Their University newspaper published an article, apparently by a student, with the same title as this post, Is Workshopping Really Good for Writers?, from which I’ll share a few excerpts:

“I can honestly say that some of the best writing I had to read during those times [in workshops] came from individuals with no real training or significant experience with writing before. It seemed that they were writing well despite the workshop.”

“For those trained to write, their stories or pieces, while eloquently written, weren’t necessarily good pieces.”

“The workshop format tries to force individuals to take too seriously the opinions of others.”

“This isn’t so bad if your workshop group is composed of Stephen King, J.K. Rowling, Salman Rushdie, Dr. Suess, and Chuck Palahniuk.”

“Why then should someone take people’s advice on how to write when the chances are that they probably know little more than you do about their own craft?”

How would you answer that last question??

Naturally, my first answer would be, “Depends on who’s giving it.”.

Then, I’d qualify that with, “Unless the advice strikes an immediate chord in my writer’s heart“.

What’s your opinion on writers’ workshops?
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Global Cities of Literature Network

Many people think the United Nations does nothing for World Peace.

Still, the United Nations Education, Scientific, and Cultural Organization—UNESCO—instituted the Creative Cities Network with awards in the categories of Literature, Film, Music, Crafts and Folk Art, Design, Media Arts, and Gastronomy.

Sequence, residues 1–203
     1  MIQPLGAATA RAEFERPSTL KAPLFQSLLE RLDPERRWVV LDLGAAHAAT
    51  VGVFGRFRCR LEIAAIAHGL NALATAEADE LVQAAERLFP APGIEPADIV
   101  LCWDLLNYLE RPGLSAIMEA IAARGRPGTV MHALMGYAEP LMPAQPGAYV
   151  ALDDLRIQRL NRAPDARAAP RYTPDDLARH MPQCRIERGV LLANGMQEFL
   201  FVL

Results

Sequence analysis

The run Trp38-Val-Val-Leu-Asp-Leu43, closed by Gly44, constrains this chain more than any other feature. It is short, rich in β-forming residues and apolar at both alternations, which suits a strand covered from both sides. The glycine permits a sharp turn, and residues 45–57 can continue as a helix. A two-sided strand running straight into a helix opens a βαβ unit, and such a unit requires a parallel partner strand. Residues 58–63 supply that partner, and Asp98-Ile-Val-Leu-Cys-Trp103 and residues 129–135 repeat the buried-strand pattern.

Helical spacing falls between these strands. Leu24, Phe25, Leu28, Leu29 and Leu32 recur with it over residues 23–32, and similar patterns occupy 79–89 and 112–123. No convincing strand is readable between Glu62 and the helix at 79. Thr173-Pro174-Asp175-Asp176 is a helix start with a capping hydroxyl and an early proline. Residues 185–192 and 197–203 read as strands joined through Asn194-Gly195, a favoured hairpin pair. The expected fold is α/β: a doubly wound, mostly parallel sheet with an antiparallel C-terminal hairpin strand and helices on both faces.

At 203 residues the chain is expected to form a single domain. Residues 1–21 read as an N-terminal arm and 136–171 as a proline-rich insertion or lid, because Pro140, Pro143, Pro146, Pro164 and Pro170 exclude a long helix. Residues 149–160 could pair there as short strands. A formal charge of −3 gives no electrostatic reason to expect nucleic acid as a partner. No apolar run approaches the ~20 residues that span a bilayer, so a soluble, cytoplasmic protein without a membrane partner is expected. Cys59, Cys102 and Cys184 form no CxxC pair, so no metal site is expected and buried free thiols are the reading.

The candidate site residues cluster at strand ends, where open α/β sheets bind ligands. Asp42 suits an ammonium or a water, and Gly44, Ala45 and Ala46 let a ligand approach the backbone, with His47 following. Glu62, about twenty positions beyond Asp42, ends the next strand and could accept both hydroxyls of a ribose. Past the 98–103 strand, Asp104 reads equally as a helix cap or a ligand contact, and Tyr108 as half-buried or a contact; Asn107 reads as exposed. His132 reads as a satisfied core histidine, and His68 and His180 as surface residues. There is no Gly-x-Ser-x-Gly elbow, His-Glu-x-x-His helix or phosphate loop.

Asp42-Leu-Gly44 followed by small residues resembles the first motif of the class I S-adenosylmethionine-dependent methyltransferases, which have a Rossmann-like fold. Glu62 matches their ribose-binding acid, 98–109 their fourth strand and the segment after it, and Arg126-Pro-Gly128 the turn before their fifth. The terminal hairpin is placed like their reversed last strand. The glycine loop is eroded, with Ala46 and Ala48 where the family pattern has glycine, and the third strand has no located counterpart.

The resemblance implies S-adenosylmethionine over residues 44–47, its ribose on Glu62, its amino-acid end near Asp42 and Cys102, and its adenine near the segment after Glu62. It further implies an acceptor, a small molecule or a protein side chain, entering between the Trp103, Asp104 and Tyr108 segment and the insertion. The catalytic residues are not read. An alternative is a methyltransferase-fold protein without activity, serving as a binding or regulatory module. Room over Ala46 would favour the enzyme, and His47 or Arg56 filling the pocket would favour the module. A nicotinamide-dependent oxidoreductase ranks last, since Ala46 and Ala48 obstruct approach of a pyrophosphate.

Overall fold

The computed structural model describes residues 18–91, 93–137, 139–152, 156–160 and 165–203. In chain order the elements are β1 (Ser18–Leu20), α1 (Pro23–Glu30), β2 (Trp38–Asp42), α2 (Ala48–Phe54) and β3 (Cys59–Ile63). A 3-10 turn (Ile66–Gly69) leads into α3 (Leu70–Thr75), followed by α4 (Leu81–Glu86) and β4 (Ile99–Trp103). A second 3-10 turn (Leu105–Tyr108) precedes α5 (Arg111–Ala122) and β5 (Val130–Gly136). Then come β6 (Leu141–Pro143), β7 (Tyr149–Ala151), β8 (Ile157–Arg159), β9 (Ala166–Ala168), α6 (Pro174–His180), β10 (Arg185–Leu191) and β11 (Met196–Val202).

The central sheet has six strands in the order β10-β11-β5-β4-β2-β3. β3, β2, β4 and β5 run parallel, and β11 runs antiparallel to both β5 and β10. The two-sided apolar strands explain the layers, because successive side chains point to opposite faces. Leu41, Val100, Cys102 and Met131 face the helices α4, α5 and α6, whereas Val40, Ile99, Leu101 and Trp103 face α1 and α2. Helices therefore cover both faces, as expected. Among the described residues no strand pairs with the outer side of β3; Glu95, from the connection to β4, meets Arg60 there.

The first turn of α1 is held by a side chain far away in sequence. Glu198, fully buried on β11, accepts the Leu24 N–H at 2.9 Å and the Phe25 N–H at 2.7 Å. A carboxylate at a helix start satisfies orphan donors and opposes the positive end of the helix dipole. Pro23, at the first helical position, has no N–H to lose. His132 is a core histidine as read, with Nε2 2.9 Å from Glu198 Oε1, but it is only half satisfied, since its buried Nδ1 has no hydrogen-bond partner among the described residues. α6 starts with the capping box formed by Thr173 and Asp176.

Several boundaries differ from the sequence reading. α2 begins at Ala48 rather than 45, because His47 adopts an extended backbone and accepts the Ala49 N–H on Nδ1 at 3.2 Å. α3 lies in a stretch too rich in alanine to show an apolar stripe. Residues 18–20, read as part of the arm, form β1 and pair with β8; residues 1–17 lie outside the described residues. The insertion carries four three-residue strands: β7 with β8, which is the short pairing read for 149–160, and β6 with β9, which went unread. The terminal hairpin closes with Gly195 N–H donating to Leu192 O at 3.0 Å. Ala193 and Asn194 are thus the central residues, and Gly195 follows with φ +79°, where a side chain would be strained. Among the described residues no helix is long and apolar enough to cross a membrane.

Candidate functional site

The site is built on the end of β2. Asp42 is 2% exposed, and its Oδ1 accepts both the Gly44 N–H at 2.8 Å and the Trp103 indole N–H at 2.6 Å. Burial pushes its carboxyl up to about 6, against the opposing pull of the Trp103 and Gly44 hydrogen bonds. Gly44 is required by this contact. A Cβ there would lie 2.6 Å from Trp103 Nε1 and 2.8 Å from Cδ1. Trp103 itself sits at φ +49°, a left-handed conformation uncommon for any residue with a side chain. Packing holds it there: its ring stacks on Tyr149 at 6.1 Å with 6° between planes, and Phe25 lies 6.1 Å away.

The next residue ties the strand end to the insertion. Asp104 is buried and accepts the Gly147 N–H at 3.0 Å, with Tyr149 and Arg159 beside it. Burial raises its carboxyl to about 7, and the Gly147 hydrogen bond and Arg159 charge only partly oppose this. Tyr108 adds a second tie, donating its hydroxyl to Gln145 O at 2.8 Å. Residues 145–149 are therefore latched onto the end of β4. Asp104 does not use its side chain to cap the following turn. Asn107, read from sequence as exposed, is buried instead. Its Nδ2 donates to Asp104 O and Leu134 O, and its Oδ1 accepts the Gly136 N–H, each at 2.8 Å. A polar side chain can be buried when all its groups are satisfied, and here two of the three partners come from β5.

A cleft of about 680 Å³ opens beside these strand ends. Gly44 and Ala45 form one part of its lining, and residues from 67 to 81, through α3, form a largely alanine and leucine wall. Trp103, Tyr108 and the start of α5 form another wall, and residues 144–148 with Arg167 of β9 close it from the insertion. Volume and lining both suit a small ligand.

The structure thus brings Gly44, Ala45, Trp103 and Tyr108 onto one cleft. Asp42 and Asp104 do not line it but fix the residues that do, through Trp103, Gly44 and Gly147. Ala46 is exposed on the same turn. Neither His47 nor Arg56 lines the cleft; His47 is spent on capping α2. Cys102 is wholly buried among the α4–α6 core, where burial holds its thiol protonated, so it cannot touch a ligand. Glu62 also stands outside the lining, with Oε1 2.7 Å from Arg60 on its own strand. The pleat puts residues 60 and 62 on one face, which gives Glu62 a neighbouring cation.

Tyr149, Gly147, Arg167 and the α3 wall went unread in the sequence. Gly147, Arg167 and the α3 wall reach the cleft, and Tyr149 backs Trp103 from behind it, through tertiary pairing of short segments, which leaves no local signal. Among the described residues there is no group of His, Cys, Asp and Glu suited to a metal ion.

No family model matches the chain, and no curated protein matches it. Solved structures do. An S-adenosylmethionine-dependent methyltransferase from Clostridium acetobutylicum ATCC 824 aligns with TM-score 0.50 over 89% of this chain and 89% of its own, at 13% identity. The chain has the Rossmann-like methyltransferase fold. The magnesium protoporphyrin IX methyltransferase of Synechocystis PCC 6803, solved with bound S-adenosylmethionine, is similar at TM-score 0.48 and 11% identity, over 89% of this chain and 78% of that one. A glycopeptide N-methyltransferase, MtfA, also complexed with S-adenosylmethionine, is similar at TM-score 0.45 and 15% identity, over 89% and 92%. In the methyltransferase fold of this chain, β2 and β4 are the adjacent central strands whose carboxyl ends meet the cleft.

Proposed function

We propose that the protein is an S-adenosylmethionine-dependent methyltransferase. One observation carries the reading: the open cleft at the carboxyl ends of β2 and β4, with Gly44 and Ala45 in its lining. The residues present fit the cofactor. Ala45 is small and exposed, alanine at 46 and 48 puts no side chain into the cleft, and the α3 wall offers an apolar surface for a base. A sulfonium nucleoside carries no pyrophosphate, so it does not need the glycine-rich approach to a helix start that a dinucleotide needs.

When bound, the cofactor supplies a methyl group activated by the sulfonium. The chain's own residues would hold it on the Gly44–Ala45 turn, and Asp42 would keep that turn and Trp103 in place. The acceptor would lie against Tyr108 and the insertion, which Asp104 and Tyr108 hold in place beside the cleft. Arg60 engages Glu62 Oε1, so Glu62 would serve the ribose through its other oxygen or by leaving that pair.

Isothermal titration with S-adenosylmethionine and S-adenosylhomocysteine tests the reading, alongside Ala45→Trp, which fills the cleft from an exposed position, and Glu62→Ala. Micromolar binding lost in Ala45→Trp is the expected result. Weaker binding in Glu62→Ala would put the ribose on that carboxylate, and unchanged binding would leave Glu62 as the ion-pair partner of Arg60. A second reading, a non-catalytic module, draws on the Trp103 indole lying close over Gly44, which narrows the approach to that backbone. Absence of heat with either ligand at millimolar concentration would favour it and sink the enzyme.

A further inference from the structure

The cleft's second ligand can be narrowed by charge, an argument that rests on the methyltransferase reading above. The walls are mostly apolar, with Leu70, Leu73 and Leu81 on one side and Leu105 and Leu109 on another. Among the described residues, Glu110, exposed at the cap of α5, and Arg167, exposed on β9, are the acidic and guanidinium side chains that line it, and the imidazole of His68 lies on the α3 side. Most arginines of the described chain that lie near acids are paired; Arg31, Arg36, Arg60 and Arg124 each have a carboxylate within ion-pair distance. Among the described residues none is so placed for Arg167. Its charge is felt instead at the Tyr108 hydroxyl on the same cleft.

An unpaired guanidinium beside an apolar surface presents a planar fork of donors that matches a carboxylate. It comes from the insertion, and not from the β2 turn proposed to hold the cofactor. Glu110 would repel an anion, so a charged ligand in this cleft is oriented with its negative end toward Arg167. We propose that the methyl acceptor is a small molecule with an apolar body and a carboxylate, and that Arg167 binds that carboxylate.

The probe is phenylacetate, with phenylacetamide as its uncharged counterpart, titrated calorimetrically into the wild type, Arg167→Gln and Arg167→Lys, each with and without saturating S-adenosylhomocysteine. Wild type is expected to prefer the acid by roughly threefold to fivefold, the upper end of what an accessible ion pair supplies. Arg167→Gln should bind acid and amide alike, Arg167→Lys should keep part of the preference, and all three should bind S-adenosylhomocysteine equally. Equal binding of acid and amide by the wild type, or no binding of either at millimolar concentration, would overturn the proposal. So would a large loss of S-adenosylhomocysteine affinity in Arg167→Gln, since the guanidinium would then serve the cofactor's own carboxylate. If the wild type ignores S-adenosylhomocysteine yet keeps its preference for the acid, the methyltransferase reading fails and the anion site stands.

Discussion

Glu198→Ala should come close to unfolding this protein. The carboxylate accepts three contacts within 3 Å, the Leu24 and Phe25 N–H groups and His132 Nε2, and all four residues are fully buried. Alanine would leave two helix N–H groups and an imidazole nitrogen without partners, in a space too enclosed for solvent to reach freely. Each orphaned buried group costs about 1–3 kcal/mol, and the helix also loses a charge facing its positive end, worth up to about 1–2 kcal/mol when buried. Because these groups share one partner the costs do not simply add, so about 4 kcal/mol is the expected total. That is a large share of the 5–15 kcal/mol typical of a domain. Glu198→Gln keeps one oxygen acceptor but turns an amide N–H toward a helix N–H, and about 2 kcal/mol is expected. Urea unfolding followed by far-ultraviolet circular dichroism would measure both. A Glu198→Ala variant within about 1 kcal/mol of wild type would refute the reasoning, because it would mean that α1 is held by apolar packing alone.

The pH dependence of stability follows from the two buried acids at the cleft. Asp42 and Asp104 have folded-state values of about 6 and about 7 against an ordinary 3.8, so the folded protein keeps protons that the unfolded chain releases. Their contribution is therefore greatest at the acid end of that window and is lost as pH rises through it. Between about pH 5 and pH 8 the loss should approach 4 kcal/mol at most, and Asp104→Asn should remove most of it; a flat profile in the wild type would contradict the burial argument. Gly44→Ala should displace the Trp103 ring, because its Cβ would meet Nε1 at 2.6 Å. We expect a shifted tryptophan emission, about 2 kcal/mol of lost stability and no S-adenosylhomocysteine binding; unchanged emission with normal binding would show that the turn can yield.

From their site:

“A network of creative cities, working together towards a common mission for cultural diversity and sustainable urban development.

“Member cities are recognised as:

  • ‘Creative hubs’ that promote socio-economic and cultural development in both the developed and the developing world through creative industries
  • ‘Socio-cultural clusters’ connecting socio-culturally diverse communities to create a healthy urban environment.

“The Network aims at developing international cooperation among cities and encouraging them to drive joint development partnerships in line with UNESCO’s global priorities of ‘culture and development’ and ‘sustainable development’.”

The first City of Literature was Edinburgh, Scotland in 2004.

In 2008, Melbourne, Australia and Iowa City, USA became Cities of Literature.

Dublin, Ireland received the award in 2010 and Reykjavik, Iceland in 2011.

And, just this month, Norwich, England was added to the Network.

And, to underscore how these cities are working to further Global Peace through Literature, here is their description (with my underlined emphases):

“UNESCO Cities of Literature work together to build strong global partnerships: encouraging literary exchanges, creating cross-cultural initiatives and developing local, national and international literary links. Each City will also be dedicated to pursuing excellence in literature on a local level, engaging citizens in a dynamic culture of words.”